The Amsterdam Symposium on the History of Food is the annual international point of assembly and an exchange of knowledge in the field of Food history in the Netherlands. It intends to stimulate debate and research that bridges the gap between different disciplines. Another aim is to transfer academic research to a wider public and stimulate research using the History of Food Collection of the University of Amsterdam (UvA). The symposium is therefore targeted at both an academic and a professional audience.
The Amsterdam Symposium on the History of Food is the result of a collaborative partnership between Allard Pierson | Collections of the University of Amsterdam, the Amsterdam School of Historical Studies, University of Amsterdam and the research unit Social & Cultural Food Studies (FOST) of the Vrije Universiteit Brussel.
Friday, 15 November – Saturday 16 November 2019
Venue: Aula of the University of Amsterdam
Singel 411, 1012 XM Amsterdam.
Symposium fee: € 90 (Early Bird until 15 September: € 75)
Reduced fee: € 45 (students; friends of the Allard Pierson UvA)
To register please follow this link.
Since places are allotted on a first-come, first-serve basis, please register as early as possible.
For an update on the Symposium please sign in here.
creating, negotiating, and resisting transnational food systems
Because of its manifold effects on individuals, cultures, and countries, from the 15th century onwards the colonial era had far-reaching impacts on existing foodways. Colonial rulers often imposed exploitative food systems upon the colonized, resulting in relationships that have been perpetuated, mediated, and resisted to this day. Because of their troubling and complex legacy, colonial foodways have become an essential theme in recent histories of transnational food production, consumption and trade practices from early modern mercantilism to the present. By shifting the focus from two-way colonizer-colonized relationships towards (post)colonial networks and their various nexuses, truly transnational histories are emerging that decenter Europe and go beyond traditional narratives.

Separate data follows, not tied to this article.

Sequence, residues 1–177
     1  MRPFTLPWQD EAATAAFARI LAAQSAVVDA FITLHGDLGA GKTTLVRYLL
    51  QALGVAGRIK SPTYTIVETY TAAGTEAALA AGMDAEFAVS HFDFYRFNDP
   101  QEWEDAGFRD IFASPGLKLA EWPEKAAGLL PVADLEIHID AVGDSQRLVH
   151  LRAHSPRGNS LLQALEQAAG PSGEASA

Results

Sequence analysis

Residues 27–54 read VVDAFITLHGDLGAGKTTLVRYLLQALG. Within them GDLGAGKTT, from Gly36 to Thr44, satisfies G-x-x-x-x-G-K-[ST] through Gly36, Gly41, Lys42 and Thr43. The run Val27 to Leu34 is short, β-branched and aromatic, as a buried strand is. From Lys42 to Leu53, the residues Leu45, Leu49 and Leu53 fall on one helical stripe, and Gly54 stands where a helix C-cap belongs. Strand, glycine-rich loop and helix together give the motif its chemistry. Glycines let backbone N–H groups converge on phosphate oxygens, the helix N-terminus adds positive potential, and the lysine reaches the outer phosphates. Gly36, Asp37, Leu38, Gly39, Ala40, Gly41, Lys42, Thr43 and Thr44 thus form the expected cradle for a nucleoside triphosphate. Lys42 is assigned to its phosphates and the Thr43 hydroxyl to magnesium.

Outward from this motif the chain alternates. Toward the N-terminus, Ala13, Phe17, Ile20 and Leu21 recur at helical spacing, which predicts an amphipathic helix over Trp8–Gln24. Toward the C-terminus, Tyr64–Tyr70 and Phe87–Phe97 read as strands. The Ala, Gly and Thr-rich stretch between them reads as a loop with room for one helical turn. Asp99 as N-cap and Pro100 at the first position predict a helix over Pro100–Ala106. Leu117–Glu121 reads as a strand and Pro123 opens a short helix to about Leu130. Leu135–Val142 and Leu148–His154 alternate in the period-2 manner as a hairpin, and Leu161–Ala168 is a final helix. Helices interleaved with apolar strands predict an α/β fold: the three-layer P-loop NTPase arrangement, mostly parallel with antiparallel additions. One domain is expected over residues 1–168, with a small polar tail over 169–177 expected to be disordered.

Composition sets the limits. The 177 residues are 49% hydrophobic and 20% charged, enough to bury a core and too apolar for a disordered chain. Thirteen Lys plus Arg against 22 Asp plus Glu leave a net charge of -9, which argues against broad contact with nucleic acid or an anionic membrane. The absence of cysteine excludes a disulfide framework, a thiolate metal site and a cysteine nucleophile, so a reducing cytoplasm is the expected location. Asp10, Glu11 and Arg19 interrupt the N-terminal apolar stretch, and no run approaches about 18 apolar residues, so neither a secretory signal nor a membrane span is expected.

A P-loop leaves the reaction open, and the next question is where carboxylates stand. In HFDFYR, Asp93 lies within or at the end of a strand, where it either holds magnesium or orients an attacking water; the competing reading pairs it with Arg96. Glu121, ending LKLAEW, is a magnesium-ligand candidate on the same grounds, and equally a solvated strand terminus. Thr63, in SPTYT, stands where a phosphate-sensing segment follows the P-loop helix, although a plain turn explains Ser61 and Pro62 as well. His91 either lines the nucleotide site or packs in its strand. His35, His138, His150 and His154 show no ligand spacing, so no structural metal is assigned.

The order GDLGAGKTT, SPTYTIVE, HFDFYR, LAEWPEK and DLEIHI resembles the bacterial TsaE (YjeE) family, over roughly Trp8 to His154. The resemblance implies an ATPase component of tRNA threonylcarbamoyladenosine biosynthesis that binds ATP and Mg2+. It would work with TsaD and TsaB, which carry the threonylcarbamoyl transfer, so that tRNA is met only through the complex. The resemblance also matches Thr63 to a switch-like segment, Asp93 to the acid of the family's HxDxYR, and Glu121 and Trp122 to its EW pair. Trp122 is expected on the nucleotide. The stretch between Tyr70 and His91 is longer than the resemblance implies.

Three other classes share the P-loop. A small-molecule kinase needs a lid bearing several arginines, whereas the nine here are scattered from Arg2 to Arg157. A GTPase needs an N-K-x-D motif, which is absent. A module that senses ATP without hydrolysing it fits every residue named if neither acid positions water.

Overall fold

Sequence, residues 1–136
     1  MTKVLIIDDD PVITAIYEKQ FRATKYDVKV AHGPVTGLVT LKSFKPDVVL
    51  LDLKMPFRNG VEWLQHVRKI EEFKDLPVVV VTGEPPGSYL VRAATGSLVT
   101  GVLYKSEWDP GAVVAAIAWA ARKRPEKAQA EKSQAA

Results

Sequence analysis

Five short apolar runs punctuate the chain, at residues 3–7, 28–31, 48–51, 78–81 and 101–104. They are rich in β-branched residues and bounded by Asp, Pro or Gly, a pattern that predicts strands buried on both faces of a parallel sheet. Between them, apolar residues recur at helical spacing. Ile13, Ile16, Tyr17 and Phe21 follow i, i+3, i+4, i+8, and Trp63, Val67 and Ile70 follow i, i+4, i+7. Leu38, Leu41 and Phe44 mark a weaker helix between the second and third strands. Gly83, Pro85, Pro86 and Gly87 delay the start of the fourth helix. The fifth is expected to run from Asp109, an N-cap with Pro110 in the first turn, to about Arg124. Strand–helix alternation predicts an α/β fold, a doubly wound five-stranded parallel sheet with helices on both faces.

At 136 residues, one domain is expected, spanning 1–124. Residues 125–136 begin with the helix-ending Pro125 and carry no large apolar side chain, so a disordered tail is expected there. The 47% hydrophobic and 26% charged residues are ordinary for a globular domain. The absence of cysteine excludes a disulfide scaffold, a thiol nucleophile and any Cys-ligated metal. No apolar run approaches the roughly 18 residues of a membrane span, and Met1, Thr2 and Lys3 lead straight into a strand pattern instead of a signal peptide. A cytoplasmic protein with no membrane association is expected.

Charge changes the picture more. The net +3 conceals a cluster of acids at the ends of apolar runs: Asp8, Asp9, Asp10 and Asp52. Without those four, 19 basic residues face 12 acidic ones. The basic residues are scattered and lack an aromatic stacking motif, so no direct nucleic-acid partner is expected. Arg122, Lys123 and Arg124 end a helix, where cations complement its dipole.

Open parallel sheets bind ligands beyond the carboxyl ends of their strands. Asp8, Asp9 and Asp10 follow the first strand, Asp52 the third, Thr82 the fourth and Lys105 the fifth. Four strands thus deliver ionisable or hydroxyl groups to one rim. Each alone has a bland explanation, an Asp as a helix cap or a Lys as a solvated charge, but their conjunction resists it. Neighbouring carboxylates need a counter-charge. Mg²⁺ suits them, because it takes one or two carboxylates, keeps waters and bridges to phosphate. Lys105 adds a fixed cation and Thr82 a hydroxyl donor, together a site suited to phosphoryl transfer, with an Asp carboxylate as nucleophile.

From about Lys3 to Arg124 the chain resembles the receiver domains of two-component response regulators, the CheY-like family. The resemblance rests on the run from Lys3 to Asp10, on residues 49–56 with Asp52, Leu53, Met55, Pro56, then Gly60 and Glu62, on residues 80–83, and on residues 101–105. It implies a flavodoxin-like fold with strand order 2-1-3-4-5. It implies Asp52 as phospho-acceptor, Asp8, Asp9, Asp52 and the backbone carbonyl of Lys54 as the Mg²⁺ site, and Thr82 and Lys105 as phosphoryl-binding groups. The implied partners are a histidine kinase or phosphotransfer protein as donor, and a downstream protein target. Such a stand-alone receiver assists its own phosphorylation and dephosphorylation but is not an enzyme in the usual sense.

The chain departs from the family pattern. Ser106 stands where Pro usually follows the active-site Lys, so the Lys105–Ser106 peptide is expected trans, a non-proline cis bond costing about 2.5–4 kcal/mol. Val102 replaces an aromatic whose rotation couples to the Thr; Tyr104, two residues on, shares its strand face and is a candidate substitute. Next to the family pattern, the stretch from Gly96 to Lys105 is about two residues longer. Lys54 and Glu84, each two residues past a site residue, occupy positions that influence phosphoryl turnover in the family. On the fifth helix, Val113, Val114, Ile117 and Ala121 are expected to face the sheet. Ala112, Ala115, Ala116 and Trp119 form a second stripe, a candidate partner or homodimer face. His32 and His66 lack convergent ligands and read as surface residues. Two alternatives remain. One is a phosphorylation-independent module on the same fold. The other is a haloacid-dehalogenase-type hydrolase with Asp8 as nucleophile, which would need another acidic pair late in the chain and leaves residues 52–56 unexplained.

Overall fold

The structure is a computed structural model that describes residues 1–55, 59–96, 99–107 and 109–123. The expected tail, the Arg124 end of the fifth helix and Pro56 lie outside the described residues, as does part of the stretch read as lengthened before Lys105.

Food history and (post)colonial history intersect in various ways. Theories about exploration and exploitation offer insights into (proto)capitalism and the consumption of commodities, the agency of populations in the Global South, the transfer of food technologies, and the ecological impact of restructuring and repurposing vast areas of land. Studying material culture and (post)colonial food customs, furthermore, advances an in-depth understanding of the historical negotiation of identities and ideologies. The hybridization of national and migrant cuisines, culinary (neo)colonialism, and shifting perceptions of gastronomic ‘authenticity’ all underwrite the continuing influence of the colonial era on how we speak about food and, subsequently, about ourselves.
Friday, 15 November 2019
09:00 – 10:00 Registration and coffee
10:00 – 10:05 Welcome Marike van Roon
10:05 – 10:30 Professor J.M. van Winter Stipend
11:00 – 11.10 Short break
11:10 – 12.40 Panel 1 – Transatlantic legacies of slavery
12.40 – 13.00 Intermezzo – Postcolonial foodways in the Netherlands
13.00 – 14.00 Lunch break
14.00 – 15.30 Panel 2 – Nationalist policy and (de)colonisation
15.30 – 16:45 Coffee & Tea break
16:45 – 17:30 Prize-giving Ceremony of the 2019 Johannes van Dam Prize and the Joop Witteveen Prize
Drinks at the Allard Pierson.
Saturday, 16 November 2019
09:00 – 09:30 Registration
09.30 – 10.30 Panel 3 – Pursuits of the postcolonial food industry
10.30 – 11.00 Coffee & Tea break
11.00 – 12.00 Panel 4 – Representing the Nation: authenticity and appropriation
12.00 – 12.20 Wrap-up by Marlou Schrover
12.20 – 12.30 Closing remarks and topic for 2020
Afternoon Programme of the Foodie Festival at the Allard Pierson (festival starts at 13.00)